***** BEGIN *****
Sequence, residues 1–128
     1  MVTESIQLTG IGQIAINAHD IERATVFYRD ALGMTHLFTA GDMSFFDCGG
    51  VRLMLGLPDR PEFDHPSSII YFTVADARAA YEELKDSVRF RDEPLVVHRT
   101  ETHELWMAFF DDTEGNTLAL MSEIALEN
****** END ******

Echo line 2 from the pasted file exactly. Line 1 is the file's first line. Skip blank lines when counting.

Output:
     1  MVTESIQLTG IGQIAINAHD IERATVFYRD ALGMTHLFTA GDMSFFDCGG